Next, always contact the service provider if the data isn’t working for you. Service providers want repeat business when clients need scanning services again. It’s better for both parties if each is willing to put in the time to make that data work in the client’s workflow. At times, you may run into a provider who won’t know how to work with the data to your standards. But that’s ok. Move on to the next! Hire a consultant to help rework the data or tell you if it’s unsalvageable early enough to get another provider out there.
Another option is doing your own scanning. By bringing laser scanning in-house, you might save money in the long run. But know that the upfront costs will be greater. Buy good equipment and hire 3D consultants to get your laser scanning division up and running. It would be a shame to pay good money (really any money at all) and not get the maximum capacity out of your equipment. Consider hiring 3D consultants even as early as the shopping phase. Brand reps are salesmen who will want to convince you to buy their product even if it’s too much or too little for your purview. And remember, equipment isn’t arbitrarily priced. Sometimes it’s better to go with the more expensive option to get the best return on your investment.
But no matter who’s scanning, set a control loop. This can be the key to saving much money and many headaches down the road. Use traditional laser scanning tied to survey control to make a control network on your site. That way, even if you use another scanning method, such as infrared or photogrammetry down the road, you have an accurate baseline to tie to. This way you can build on a solid foundation.
When working in-house or with a service provider, it’s all moot if the data isn’t working for you. If the data isn’t working for you, it may be because either it’s too bulky for your application, or it wasn’t delivered in the format your workflow requires. Not to worry, these two problems have solutions.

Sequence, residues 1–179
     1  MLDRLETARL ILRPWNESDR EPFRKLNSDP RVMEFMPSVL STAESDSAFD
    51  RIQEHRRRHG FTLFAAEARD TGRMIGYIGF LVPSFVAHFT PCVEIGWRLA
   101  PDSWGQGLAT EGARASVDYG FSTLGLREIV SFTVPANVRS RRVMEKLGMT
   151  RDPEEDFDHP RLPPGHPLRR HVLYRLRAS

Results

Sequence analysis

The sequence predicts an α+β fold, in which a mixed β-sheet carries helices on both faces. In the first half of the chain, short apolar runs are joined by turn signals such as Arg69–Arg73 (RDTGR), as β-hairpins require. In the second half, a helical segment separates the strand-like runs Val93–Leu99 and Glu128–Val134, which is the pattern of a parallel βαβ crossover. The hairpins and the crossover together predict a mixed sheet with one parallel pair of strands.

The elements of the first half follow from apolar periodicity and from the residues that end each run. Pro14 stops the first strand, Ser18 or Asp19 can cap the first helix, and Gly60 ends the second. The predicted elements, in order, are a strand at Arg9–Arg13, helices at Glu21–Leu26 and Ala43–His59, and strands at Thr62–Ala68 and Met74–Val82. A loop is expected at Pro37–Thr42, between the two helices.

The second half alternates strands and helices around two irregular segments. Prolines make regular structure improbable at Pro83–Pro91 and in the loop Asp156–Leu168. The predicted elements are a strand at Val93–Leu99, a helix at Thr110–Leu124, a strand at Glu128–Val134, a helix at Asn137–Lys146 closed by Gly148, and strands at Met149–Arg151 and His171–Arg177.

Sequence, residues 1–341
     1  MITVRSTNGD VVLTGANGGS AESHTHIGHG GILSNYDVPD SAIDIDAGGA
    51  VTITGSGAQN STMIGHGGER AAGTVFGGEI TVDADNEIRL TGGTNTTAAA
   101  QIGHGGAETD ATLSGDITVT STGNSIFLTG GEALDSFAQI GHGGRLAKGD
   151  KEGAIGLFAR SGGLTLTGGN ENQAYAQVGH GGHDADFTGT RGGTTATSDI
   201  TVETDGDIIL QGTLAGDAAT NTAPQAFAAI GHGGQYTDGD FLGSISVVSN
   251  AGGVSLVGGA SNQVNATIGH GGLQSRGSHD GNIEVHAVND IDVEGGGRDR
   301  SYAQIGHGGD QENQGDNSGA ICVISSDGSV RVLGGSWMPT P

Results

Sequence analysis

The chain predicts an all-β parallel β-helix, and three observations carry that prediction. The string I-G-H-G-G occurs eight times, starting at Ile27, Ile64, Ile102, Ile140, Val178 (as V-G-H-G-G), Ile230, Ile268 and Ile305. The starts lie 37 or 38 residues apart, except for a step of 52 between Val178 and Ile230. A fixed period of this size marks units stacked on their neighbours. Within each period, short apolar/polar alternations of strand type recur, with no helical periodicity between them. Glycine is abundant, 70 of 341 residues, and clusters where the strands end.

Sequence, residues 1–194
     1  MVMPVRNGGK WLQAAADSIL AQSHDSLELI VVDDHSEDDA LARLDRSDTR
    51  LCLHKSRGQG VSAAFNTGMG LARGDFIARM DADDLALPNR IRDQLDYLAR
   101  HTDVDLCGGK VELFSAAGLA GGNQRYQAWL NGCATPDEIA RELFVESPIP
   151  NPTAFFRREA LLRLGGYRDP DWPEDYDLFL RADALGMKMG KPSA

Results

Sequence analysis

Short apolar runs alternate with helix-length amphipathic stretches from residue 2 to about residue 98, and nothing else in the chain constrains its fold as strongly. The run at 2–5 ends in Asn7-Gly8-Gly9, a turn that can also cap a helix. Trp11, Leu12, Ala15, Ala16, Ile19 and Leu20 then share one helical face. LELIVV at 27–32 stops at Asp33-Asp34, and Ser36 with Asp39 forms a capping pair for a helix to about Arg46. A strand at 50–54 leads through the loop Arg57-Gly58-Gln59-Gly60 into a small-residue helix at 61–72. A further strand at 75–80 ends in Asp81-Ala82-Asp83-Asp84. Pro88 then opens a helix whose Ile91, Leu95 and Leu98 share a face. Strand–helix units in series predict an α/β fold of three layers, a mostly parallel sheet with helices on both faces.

It starts before the contract. Hopefully, your provider will be asking you what you intend to do with the data. But if not, make sure to tell them what you’re using it for and make sure they can deliver for that intended use. This will mitigate misunderstandings early on. For example, if you need a Revit model, the provider can include that cost in the proposal from the start.
Next, if you’re importing data that’s too bulky, don’t give up! Give your provider a call. They should be able to lighten the file size or the number of points you’re importing. That will free you up to worry about the actual intended use, not just trouble-shooting problems they should be well-versed in solving. And if they somehow don’t know how to do it, hire a consultant! Make the data work for you.
Lastly, if you don’t already have a workflow to implement data into your planning and design, hire a consultant or let your provider get you up to speed on best practices. There’s no point if you aren’t using the data. Find someone well-versed in the various types of 3D software who can assist you in getting set up for success.
Traditional laser scanning tied to survey control is the only method of 3D capture that produces baseline data of the quality and reliability required for AEC industry use. Good data in the right workflow will prove itself invaluable to you and your team.
Here are some questions to ask your laser scanning provider before hiring them on your next project:
What equipment do you use?
What method do you use to scan?
Do you tie to survey control and how do you verify it?
And here are the questions your service provider should be asking you:
What are you using the data for?
What is the density of the property or site?
Remember, if they're not asking, be sure to tell them your intended use. And ask them if they can deliver. You're the one who needs the data.
Tucker Cedarleaf first began working with laser scanning equipment and software over 10 years ago. He began at 14 years old scanning ships in Singapore. Currently, Tucker is responsible for Cedar+Mac’s field operations ensuring strict internal QA/QC standards are met in order to deliver clean useful data.